Los Angeles -- "Hi. Nice to meet you," says Ellen DeGeneres to a reporter visiting her in Los Angeles. "But I've got to leave."
She walks out of the public relations office. The stunned reporter did, after all, have to fly 3,000 miles and sit through a Michael J. Fox in-flight movie. All that for no interview, no nothing.
Then, Ms. DeGeneres looks back and cracks open a six-pack of a smile. Ellen DeGeneres is not leaving.
She has just arrived.
Ms. DeGeneres is becoming a household face -- if not name. After more than a decade on the stand-up comedy circuit, she starred in last season's highest-rated new television series. "Ellen," previously "These Friends of Mine," airs at 9:30 Tuesday nights after "Roseanne" on ABC.
Ms. DeGeneres, 36, was recently host of VH1's first music awards, and will be co-host of the Prime-time Emmy Awards Sept. 11. She has been on all the L-shows -- Leno, Letterman and "Later With Bob Costas," and later, "Later With Greg Kinnear." Or, maybe you have just seen her on these juice commercials, where you don't know the name, where she gives you these looks.
The New Orleans native and former shoe saleswoman for J. C. Penney even turned down performing at the White House this summer because of her brimming schedule. Fame, it seems, comes in lump sums.
But in so-called real life, Ms. DeGeneres can't be this good. She can't be this wholesome, as Esquire magazine recently wondered. And, of course, she isn't.
Ms. DeGeneres beats up men.
Ellen DeGeneres is learning to jab by boxing twice a week with a trainer who holds up padded hands, as the comic seriously pounds away in a fitness spree. Given her gentle, foot-in-mouth, self-deprecating humor, it's hard to picture Ms. DeGeneres getting all sweaty and combative.
"I can't imagine it either, thank God," says "Ellen" co-star Arye Gross. The actor plays Adam Greene -- a single, urban guy bluffing his way through the tricky '90s.
Mr. Gross, like others, caught Ms. DeGeneres on some "cable-type thing" years ago. In 1984, she won the title "The Funniest Person in America" in a Showtime cable contest. After watching one of her performances, Mr. Gross called up friends: DO YOU KNOW WHO THIS WOMAN IS? And how do you pronounce that last name? Degenerate?
He remembers Ms. DeGeneres (pronounced de-GENEROUS) doing a bit about being panhandled and the idea of having "extra" money or just having a $10 and essentially telling a panhandler they aren't worth that much.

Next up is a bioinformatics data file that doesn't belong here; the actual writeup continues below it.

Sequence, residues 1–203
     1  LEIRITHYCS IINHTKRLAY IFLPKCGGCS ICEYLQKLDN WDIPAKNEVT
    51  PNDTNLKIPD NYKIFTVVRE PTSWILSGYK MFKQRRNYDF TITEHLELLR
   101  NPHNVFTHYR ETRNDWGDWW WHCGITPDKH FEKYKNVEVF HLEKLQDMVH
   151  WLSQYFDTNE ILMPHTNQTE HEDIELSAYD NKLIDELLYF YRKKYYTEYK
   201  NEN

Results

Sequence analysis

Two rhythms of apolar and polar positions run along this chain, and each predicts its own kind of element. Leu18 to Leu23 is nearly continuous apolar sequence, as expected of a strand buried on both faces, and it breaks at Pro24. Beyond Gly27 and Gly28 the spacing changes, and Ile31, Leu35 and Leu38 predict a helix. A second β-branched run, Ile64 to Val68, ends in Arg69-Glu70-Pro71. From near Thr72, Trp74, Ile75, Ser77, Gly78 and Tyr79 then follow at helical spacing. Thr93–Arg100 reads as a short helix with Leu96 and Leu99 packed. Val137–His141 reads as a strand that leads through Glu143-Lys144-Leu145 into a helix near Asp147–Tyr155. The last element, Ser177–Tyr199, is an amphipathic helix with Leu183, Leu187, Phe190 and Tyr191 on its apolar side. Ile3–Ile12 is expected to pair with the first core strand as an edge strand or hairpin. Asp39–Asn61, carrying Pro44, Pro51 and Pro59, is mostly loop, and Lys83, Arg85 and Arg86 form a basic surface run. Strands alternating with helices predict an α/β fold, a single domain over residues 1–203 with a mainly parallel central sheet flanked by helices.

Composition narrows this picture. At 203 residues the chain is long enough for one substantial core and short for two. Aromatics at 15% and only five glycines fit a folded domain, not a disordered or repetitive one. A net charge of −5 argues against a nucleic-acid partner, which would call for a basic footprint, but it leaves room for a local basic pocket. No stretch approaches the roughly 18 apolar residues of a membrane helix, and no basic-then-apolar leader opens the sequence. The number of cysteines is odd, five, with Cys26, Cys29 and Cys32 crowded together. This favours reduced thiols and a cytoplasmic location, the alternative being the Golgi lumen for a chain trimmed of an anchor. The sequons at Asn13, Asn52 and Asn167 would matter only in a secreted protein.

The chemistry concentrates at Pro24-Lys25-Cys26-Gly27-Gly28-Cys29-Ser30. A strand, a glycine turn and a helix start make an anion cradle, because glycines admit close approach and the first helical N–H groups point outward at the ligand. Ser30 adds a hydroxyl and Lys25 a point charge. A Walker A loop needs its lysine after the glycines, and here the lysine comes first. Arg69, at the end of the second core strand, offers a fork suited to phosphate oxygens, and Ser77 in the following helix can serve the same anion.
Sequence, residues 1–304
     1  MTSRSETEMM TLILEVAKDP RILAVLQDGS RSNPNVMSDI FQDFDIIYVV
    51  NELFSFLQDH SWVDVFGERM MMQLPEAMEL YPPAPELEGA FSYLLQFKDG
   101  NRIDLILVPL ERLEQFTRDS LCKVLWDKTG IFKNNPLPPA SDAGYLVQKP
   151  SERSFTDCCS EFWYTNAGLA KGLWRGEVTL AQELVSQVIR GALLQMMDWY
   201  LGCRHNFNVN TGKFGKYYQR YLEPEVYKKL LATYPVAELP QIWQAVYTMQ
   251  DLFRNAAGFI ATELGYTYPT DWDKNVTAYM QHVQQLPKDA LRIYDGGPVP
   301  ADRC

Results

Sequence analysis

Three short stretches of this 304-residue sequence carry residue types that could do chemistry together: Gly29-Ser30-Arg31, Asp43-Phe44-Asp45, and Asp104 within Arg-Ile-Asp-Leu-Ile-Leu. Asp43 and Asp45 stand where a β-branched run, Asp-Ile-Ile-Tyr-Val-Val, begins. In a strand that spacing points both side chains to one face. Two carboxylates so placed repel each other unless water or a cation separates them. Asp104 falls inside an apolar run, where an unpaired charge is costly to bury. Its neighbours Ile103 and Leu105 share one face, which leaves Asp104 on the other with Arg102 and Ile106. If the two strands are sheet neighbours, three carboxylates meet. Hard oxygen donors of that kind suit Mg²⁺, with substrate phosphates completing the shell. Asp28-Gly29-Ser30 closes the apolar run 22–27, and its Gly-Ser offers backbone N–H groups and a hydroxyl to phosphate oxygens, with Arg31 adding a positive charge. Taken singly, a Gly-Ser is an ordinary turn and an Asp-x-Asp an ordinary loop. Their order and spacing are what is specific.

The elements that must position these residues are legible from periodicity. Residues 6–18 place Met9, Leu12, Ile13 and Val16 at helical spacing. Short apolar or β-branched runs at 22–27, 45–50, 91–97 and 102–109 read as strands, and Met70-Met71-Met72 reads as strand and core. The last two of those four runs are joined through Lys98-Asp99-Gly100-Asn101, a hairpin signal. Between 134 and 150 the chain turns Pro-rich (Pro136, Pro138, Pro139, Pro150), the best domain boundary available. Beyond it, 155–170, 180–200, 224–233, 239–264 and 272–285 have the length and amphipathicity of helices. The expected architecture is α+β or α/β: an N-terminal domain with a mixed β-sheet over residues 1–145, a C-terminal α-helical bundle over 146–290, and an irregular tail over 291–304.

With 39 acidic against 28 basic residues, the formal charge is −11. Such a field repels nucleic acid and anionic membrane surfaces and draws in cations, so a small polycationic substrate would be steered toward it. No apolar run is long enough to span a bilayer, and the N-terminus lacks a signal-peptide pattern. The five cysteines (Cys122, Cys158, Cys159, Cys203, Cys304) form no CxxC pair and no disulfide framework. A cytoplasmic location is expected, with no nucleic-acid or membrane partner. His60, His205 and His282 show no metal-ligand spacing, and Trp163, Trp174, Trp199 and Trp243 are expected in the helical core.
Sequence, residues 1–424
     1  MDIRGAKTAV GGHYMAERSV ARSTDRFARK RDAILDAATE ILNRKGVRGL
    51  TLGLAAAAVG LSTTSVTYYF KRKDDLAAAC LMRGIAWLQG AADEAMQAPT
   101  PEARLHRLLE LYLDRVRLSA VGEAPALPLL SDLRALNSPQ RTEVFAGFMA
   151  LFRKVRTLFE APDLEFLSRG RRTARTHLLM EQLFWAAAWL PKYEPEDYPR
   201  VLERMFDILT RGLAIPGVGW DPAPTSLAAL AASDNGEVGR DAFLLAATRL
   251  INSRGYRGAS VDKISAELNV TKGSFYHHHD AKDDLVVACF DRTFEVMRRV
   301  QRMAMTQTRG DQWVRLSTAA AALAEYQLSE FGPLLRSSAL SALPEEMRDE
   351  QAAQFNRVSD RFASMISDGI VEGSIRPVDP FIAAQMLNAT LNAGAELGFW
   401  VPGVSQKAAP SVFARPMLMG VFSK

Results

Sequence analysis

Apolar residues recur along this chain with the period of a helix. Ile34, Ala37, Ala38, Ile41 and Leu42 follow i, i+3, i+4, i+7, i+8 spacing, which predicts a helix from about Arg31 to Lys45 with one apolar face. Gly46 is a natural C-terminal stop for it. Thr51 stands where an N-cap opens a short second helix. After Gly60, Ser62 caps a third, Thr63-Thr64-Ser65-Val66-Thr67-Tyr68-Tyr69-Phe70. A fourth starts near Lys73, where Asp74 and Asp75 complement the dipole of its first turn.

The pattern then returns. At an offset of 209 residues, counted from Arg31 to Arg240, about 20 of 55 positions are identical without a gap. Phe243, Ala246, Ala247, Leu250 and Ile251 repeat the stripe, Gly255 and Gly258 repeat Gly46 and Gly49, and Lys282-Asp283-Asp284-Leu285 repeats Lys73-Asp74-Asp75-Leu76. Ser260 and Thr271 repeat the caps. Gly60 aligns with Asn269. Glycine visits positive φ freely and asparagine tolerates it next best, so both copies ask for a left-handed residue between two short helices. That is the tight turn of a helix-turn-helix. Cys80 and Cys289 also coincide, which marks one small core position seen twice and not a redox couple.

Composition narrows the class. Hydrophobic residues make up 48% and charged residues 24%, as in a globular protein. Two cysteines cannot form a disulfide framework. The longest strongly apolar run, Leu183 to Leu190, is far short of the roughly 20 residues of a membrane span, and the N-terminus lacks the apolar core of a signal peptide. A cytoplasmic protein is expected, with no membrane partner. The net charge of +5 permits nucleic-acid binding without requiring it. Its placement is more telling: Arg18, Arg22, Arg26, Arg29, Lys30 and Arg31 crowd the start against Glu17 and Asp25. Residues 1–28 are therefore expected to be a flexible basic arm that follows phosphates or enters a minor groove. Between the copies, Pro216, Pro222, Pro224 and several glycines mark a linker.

She doesn't use cue cards -- or a sledgehammer -- when telling her jokes. Her observations don't create spasms of laughter, either.
"One day, I was coming home from kindergarten. Well, they told me it was kindergarten. Later, I found out that I'd been working in a factory for two years."
Ms. DeGeneres just passes along familiar moments, adding her twists and timing.
"People get into elevators and push the button several times. Like that's helping. Like the elevator thinks it had better hurry because there are six people waiting."
"Her comedy totally comes from her heart," Mr. Gross says. "With Ellen, what you see is what you get."
What he gets each morning on the set of "Ellen" is his pal ribbing him on his choice of breakfast food. "Ellen makes fun of me when I eat oatmeal for breakfast. 'Having that mush again?' she says."
Arye Gross made the cut, so to speak. Cast members, such as Holly Fulger, aren't returning for the new fall TV season. ABC ordered changes in the show, including the name and cast changes.
"These Friends of Mine" had excelled in the ratings, but critics chewed on it.
They said Ms. DeGeneres is promising, but the show needed help around her. The writers didn't appear to be writing for any character other than Ellen Morgan -- Ms. DeGeneres' character. (She agrees.) Also, some viewers wondered who are these other people, and did we just drop in on them in the middle of something?
In short, Ms. DeGeneres appeared to be carrying the show.
"It may be too much of a burden. Great sitcoms rely on ensemble casts," says Betsy Frank, a senior vice president at New York-based Saatchi & Saatchi Advertising. The company buys prime-time advertising for its clients.
Ms. Frank, who writes the company's assessment of new TV seasons, catches the ear and attention of television executives.
Great time slot
"Ellen" has strong things going for it: a great time slot and an urbanite humor launched by Jerry Seinfeld, which continues to attract viewers nationwide, Ms. Frank says.
"Ellen is a terrific performer. She is very engaging," Ms. Frank says. "Women like women who put themselves down. She's someone who men like to watch and who is not threatening to women.
"Maybe that's why she is the female Seinfeld."
That's been the sticky label for Ellen DeGeneres -- "the female Seinfeld." His brand of hip, "observational" humor has played well in the biggest room of all -- the living room.
The comics do have some things in common. Both are single, both use quirky and clean material, and both have sitcoms. Mr. Seinfeld already wrote his comedy book; Ms. DeGeneres is writing one for next year -- "little observations, daily affirmations, my opinions on things," she says.
It could be said Mr. Seinfeld is the least interesting character on "Seinfeld," which has a rich supporting cast. It could be said that Ms. DeGeneres seems more personable on TV than Mr. Seinfeld does.